Rev. Dr. Martin Luther King, Jr. (January 15, 1929)
Yesterday was my 35th birthday. It was important to me to get to the gym. I’ve actually gotten to the point where going to workout is a treat, not a chore. As I was jogging on the treadmill I set the pace to my usual 5.5 mph. For the last few weeks I have set it at that pace for the first mile, then set it down to 3.5 for about an eighth of a mile. Then I finish with long stretches of 5.5 with some 3.5 walking in between.
In the last month I’ve run two 5K races. My goal at both of them was a 12 minute mile pace, and I achieved that both times. Now I’m ready to set a new goal. I want to jog the entire 3.1 miles. Yesterday as I approached the completion of the first mile, I was preparing to punch the speed down to 3.5. Then I thought of this saying.
“The workout begins when you want to quit.”
I don’t remember where I first heard that, but it struck a chord. I realized that for me to improve, I couldn’t keep doing the same thing. If I want to grow, I have to push through the barriers that I create. So I kept going. I was ready to slow down, but I didn’t. That’s when the workout started. That is when the growth started. That is when getting stronger happened.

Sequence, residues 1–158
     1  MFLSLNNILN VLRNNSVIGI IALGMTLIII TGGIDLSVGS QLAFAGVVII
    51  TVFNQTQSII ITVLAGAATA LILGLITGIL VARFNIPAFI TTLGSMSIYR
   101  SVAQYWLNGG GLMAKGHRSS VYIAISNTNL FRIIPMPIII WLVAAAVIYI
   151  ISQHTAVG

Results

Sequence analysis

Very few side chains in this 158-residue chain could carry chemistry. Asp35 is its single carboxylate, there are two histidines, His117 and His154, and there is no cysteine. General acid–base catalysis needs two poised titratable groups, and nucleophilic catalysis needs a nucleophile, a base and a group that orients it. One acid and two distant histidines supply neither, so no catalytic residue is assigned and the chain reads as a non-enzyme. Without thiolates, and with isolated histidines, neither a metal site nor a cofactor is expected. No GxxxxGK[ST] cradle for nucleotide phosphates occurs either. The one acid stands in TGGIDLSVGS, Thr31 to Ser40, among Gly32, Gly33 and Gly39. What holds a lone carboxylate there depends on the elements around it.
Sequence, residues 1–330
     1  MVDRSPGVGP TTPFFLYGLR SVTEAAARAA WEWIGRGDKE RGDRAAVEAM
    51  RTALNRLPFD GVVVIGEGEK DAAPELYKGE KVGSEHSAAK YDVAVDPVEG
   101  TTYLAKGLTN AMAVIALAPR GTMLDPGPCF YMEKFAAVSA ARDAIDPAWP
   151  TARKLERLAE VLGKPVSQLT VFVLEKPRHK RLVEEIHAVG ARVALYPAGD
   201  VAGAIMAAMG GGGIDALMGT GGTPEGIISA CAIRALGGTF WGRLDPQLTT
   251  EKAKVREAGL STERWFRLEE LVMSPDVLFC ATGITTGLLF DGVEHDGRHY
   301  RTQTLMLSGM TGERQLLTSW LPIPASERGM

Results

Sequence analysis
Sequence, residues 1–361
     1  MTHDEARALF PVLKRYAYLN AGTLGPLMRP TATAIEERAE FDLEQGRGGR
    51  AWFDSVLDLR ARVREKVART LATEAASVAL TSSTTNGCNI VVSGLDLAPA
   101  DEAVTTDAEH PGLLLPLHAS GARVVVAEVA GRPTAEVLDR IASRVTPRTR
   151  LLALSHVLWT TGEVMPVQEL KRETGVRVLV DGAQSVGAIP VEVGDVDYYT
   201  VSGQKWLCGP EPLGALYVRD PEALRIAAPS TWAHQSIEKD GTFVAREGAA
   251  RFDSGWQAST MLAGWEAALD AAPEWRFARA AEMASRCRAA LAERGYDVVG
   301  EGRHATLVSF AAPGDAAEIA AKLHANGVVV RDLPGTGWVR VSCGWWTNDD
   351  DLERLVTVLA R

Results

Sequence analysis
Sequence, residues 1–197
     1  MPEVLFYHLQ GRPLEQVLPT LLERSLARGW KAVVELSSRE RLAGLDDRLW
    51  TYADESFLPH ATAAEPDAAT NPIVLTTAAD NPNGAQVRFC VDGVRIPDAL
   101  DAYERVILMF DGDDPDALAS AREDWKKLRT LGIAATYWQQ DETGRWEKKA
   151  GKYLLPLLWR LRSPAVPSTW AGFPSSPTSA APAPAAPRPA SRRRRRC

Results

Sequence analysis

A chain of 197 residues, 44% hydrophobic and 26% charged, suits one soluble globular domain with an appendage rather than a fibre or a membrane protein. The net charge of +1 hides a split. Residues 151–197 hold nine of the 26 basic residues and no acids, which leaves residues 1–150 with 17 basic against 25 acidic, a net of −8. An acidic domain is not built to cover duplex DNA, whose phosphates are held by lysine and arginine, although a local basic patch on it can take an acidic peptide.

I pushed through and found myself jogging past 1.25 miles. Then I thought about stopping. Again, I had to keep pushing. When I finally started walking, I had run for 2 miles. I completed it in 22 minutes – by far my fastest pace for that distance.
A good friend and I have signed up for two more 5K races before Halloween. I’m hoping to do at least one more. My goal now is to run a full 5K without slowing down to walk. The next step is making a two mile jog routine. The next is to not let the routine be the limit.